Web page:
|Friday, 19 July 2019|
Cyprus Broadcasting Corporation: News in English, 02-09-05
From: The Cyprus Broadcasting Corporation at <http://www.cybc.com.cy/>
 HEADLINES-- Sovereignty, property and other thorny issues that have not yet been discussed at the talks between President Glafcos Clerides and Turkish Cypriot leader Rauf Denktash are expected to be raised during their meeting tomorrow in Paris with UN Secretary General Kofi Annan.
--- A Palestinian militant opened fire towards a school near the Jewish settlement of Nisanit in the northern Gaza Strip, wounding at least two Israelis, after Israeli police found a massive car bomb.
--- US President George Bush said he would ask Congress to back possible military action against Iraq and would outline the "serious threat" posed by Iraq's arms program at the United Nations.
--- Diners at Berlin's newest restaurant cannot see what they are eating and have to be guided to their table by blind waiters because the bar is pitch black.
 Paris todaySovereignty, property and other thorny issues that have not yet been discussed at the talks between President Glafcos Clerides and Turkish Cypriot leader Rauf Denktash are expected to be raised during their meeting tomorrow in Paris with UN Secretary General Kofi Annan.
It is for this reason that it was deemed necessary that President Clerides' aides fly to Paris as well.
CyBC's journalist Soulla Hadjikyriakou, who is in Paris to cover the meeting, reported that Mr. Annan would not be submitting any ideas to the leaders of the two communities tomorrow.
A package of ideas is expected late November or early December, i.e. as close to the Copenhagen European Council as possible, when the two sides will be more vulnerable to pressure.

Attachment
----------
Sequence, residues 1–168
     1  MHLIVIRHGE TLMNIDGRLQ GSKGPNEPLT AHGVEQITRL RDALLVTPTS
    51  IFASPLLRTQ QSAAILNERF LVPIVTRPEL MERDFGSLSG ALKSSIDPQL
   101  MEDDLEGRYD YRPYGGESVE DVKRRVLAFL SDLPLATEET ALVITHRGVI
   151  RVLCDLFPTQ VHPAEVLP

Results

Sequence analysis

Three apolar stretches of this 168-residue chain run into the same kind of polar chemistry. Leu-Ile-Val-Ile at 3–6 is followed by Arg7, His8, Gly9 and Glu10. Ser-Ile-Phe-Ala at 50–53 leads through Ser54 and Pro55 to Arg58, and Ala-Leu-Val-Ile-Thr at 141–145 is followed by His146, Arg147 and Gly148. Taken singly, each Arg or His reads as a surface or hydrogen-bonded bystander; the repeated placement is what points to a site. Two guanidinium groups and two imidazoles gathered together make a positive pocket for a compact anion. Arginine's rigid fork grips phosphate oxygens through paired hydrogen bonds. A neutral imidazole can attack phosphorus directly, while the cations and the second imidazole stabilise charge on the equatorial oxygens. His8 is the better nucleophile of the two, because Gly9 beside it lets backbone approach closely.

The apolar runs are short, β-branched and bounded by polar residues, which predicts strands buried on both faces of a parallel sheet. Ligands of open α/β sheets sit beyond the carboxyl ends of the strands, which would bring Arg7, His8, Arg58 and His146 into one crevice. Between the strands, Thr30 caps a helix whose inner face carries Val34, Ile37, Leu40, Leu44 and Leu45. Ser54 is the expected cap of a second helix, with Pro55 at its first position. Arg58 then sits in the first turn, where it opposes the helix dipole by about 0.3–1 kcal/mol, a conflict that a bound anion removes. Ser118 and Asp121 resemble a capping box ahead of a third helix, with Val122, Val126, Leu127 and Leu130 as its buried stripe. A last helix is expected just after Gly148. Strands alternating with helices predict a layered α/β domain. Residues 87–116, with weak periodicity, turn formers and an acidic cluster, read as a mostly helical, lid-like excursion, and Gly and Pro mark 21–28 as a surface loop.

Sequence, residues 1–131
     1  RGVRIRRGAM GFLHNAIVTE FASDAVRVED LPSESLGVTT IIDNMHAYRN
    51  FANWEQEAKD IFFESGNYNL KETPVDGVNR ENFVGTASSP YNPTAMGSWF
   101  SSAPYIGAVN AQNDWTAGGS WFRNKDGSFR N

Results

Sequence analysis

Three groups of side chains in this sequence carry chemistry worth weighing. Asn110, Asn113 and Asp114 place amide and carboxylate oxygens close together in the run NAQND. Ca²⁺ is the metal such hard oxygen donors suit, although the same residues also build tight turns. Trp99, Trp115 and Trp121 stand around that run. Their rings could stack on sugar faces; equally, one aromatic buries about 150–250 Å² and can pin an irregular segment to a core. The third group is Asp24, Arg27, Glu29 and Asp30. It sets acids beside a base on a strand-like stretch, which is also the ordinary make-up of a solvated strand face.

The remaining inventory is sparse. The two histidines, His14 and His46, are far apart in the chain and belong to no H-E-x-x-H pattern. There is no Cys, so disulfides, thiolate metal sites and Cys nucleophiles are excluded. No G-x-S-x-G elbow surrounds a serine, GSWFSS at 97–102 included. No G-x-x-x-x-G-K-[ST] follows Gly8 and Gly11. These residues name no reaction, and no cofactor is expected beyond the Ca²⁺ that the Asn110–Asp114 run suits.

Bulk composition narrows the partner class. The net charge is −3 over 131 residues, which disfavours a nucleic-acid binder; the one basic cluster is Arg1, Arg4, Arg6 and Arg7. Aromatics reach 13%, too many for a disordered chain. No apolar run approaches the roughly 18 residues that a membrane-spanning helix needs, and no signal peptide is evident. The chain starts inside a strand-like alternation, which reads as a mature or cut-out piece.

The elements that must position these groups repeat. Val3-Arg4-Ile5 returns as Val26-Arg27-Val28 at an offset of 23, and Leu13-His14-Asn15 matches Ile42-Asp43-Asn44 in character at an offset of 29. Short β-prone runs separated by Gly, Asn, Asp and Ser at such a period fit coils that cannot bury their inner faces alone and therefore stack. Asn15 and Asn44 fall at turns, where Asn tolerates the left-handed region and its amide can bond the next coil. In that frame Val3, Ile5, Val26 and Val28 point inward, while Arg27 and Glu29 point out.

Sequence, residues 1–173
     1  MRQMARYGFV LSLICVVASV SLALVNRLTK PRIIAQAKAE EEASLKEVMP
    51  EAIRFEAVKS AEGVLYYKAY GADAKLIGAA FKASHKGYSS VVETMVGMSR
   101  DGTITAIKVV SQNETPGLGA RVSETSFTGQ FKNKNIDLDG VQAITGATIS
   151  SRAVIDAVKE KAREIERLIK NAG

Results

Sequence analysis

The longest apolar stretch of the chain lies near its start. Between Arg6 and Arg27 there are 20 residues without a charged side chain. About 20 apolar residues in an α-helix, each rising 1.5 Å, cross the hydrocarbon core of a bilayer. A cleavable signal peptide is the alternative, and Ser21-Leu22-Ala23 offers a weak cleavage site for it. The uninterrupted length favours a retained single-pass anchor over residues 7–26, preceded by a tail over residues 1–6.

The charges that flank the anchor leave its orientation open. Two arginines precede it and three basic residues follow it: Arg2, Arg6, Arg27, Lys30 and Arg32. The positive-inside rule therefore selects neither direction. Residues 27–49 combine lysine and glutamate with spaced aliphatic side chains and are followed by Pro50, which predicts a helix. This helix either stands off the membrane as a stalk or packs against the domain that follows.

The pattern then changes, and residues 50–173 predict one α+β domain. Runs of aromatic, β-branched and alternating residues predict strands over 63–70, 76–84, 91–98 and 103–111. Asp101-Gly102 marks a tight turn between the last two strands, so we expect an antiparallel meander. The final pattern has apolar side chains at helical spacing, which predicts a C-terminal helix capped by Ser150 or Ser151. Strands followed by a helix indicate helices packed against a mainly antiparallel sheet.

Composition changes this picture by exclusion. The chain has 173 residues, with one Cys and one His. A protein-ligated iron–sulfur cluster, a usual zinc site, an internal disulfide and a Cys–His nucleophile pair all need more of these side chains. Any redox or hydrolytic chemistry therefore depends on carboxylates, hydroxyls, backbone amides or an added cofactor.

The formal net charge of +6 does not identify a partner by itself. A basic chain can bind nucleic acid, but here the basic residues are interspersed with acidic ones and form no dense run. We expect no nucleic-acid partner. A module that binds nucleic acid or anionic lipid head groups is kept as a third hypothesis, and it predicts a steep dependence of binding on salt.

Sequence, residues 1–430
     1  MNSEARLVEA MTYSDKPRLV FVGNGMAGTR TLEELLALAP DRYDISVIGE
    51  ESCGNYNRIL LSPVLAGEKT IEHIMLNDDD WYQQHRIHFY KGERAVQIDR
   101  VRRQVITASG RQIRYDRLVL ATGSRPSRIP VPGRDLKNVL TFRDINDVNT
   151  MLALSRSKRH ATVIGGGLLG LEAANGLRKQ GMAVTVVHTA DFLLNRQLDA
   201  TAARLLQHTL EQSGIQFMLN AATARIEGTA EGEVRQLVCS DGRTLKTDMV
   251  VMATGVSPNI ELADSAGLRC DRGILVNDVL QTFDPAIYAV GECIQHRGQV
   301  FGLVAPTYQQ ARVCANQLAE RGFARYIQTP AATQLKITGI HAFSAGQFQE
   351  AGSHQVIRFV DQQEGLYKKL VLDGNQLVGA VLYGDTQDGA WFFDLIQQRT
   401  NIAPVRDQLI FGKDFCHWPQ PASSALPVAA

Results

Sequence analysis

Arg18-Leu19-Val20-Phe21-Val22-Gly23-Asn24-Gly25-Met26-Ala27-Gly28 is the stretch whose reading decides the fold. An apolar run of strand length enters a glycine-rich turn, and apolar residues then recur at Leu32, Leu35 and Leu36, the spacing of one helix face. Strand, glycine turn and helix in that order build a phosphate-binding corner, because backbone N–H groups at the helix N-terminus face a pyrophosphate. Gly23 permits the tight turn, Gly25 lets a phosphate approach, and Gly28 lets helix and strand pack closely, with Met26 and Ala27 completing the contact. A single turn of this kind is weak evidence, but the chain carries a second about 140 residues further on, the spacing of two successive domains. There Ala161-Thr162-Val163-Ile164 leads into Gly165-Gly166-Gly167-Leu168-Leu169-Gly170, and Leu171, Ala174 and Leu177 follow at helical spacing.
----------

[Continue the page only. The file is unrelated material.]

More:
CyBC's reporter said Kofi Annan would now try to prepare the ground for intensified talks.
Mr. Annan will be meeting Rauf Denktash first tomorrow morning and then President Clerides.
The separate meetings will be followed by a joint meeting, which will be wrapped up with a working lunch.
 EckhardKofi Annan's spokesman Fred Eckhard said in New York that the Security Council would be briefed on Monday by the UN chief's Special Adviser on Cyprus Alvaro de Soto on the course of the talks between President Clerides and Rauf Denktash.
Mr. Eckhard also said Mr. de Soto would be briefing Kofi Annan today in view of tomorrow's meting in Paris with the leaders of the two communities.
 Court CyprusCyprus has been elected a member of the Board of the First Conference of Members of the International Court of Justice, the works of which began yesterday at UN headquarters and will be wrapped up on September 10.
Cyprus is represented at the Conference by a delegation headed by Deputy Attorney General Petros Klerides.
The Convention forming the Court came into effect on July 1st and has so far been ratified by 78 countries and signed by 139.
The International Court of Justice can try persons accused of war crimes, genocide and crimes against humanity.
 MideastPalestinian faction leader Marwan Barghouthi appeared in an Israeli court for his second hearing in two months, accused of masterminding deadly attacks on Israeli citizens.
Barghouthi is leader of Palestinian President Yasser Arafat's Fatah faction in the West Bank.
He was expected to reject the court's authority to judge him in the proceedings which began last month.
Meanwhile, a Palestinian militant opened fire towards a school near the Jewish settlement of Nisanit in the northern Gaza Strip, wounding at least two Israelis, after Israeli police found a massive car bomb.
Israeli military sources also said an Israeli tank rolled over an explosive device in central Gaza Strip and there could be some Israelis injured. There were no further details.
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Warning of a serious humanitarian crisis among Palestinians, a UN envoy said Israel needed to do much more in easing closures in the West Bank and Gaza to arrest sharply declining living standards.
Otherwise the humanitarian situation "will quickly spiral out of control," said Catherine Bertini in a formal report given to the UN Security Council yesterday.